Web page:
“You’ll grow in the ghetto livin’ second-rate and your eyes will sing a song called deep hate” rap Grandmaster Flash and The Furious Five in their 1982 debut anthem. The haunting lyrics, written in the alleyways of South Bronx, were the start of a massive revolution: cultural and political.
New York City in the 1970s bears close to no resemblance to the thrilling, booming metropolis of today. The city was buckling from the previous decade of social turmoil with the added weight of the white exodus, depopulation, rising crime rates and the nationwide economic stagnation that hit the industrial sector especially hard.
It is in this terrorized world that the subculture of Hip-hop rose; from the smoldering ruins of a modernist projection.
Heavily influenced by Le Corbusier’s visionary Ville Radieuse (an urban masterplan for the utopian city of the future), the merciless dictatorship of an urban planner; Robert Moses initiated urban renewal in the city. As he inched up the power pyramid of New York politics, he steadily materialized his grand vision. Like Corbusier, he was a proponent of eradicating blight to fit efficient high rise public housing. The spate of idealized apartment units, public parks, and bridges was built by bulldozing through historic neighborhoods and communities.
In the South Bronx, the construction of the Cross Bronx Expressway that solidified the cultural and economic differences of the North and the South Bronx, triggered the domino effect of displaced residents, deprecating land value, landlord abandonment and demographic shifts with the arson epidemic heightening the decay of the quality of life in the borough. Much of this was blamed on the ‘unruly and violent’ communities that inhabited the area, but the reality was more systemic, bureaucratic, and racist.
Hip-hop grew in retaliation; the voice of the voiceless; but also in an effort to keep violence off the streets. In the words of three-time Grammy award-winning rapper T.I., “Hip-hop traditionally has always been a reflection of the environment that the artist had to endure before he made it to where he was. So, if you want to change the content of the music, change the environment of the artist and he won’t have such negative things to say.”
Michael Ford, the founder of The Urban Arts Collective and BrandNu Design, rightly called Le Corbusier and Robert Moses the forefathers of Hip-hop. Not a compliment but a criticism, he clarified. In his Tedx Talk titled Hip Hop Architecture: The post-occupancy report of Modernism, he speaks of how Hip-hop was born from and lived in modernism, filled with commentary of its environment. If one paid attention to the music, they’d realize just how unsuccessful and unjust modernist ideals were, especially to people of color.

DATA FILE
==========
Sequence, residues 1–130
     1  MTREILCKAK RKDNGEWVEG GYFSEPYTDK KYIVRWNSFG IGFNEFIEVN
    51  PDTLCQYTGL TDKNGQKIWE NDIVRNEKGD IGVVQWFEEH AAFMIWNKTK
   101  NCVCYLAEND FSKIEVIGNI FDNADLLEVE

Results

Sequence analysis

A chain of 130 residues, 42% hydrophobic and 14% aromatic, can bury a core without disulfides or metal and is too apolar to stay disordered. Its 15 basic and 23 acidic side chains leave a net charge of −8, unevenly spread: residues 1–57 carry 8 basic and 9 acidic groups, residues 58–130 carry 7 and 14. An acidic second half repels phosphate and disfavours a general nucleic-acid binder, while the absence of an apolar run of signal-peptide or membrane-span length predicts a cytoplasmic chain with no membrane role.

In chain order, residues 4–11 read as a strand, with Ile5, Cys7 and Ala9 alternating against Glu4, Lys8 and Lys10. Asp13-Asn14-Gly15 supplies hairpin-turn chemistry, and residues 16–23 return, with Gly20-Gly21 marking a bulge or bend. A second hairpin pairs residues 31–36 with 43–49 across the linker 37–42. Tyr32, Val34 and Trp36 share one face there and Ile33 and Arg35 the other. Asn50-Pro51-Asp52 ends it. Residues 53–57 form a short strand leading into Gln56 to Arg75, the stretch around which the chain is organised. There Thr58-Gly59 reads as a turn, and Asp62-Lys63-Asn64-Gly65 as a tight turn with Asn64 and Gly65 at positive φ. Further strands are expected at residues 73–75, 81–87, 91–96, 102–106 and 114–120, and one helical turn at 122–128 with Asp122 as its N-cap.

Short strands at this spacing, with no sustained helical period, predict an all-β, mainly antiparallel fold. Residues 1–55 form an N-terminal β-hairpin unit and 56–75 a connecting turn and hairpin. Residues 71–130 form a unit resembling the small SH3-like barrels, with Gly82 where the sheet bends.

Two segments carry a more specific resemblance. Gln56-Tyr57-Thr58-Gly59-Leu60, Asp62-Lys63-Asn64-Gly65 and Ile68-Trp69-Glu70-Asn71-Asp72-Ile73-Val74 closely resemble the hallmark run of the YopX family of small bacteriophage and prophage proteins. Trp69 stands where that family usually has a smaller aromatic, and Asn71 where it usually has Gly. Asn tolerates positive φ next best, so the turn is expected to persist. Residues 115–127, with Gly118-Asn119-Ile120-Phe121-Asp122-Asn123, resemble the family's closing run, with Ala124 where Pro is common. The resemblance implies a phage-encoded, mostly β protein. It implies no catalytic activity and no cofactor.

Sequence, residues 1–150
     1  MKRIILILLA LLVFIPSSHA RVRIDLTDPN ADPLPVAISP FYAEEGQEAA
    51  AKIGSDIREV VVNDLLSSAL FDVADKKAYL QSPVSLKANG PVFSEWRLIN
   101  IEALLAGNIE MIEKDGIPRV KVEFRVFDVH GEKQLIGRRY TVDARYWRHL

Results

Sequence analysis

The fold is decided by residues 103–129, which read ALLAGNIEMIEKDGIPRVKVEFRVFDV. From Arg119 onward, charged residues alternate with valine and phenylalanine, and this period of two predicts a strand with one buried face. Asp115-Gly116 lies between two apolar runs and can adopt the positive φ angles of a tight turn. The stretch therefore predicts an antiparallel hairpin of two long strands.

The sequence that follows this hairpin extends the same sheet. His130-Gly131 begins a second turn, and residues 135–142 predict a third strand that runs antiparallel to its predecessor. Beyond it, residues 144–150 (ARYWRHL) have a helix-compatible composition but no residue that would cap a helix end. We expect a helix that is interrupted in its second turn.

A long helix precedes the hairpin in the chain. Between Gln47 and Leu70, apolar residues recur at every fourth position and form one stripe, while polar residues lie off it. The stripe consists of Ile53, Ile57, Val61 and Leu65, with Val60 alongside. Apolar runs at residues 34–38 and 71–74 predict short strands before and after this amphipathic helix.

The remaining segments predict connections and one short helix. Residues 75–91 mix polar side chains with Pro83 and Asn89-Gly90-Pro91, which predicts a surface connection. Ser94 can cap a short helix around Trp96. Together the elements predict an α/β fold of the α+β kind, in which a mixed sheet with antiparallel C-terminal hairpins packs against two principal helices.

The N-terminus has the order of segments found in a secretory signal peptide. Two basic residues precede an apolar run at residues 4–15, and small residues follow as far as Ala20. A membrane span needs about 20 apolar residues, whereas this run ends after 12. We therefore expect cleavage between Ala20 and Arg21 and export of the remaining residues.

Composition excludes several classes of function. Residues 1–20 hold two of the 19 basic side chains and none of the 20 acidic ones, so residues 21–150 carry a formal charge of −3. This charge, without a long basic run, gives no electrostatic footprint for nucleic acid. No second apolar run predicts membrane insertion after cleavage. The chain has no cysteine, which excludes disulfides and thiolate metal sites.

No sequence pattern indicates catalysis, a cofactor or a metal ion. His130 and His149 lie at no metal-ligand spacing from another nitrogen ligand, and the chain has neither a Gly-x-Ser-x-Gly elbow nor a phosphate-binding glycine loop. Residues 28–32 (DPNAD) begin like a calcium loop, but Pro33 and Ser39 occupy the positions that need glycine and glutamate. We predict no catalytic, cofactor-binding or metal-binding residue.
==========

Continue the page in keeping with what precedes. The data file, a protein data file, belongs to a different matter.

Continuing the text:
Hip-hop is a broad conglomerate of artistic forms: deejaying, emceeing, b-boying, and graffiti writing; those that arose as a direct outcome of a certain style of urban planning and building. Ford says, “Architecture is beyond brick and mortar; it is an incubator of culture”. It is the backdrop to life. By limiting ourselves to just this, we render ourselves irrelevant to the communities we’re trying to help.
Ford has dedicated his professional career to stimulating cross-disciplinary discourse on the sociological and cultural implications of architecture and urban planning on its inhabitants. He has created a vast body of research on the intersection between hip-hop and architecture; from his thesis at the University of Detroit Mercy to designing an inclusive, informative and engaging curriculum in his camps. A self-proclaimed Hip-hop architect, he’s made it a mission to expose architecture, which is commonly represented by white males, to underrepresented groups. Under his Urban Arts Collective initiative, he runs free Hip-hop
Architecture camps that teach children from minority communities about architecture through a medium they already know and understand: music. They are taught to convert lyrical analysis into 3d models, to use rhymes to talk about the city they wish to inhabit and most importantly, shown that they have a voice in shaping the future of their communities. Ford coined the term ‘Design Cypher’ to a process he designed while working on the Universal Hip-hop Museum in the Bronx: bringing architects, urban planners, scholars, students, communities, hip-hop pioneers etc. to ideate and have a say in creating something that would directly affect all of them. Pioneers such as Michael Ford give us faith.
Hip-hop architecture is up to us to define; a counterculture that brings accountability to space making. For half a century’s worth of angst of the hopeful and tireless youth to find peace; we need to relook at the stratification of the field; to diversify and engage with the underrepresented in an effort to create spaces that are inclusive and just.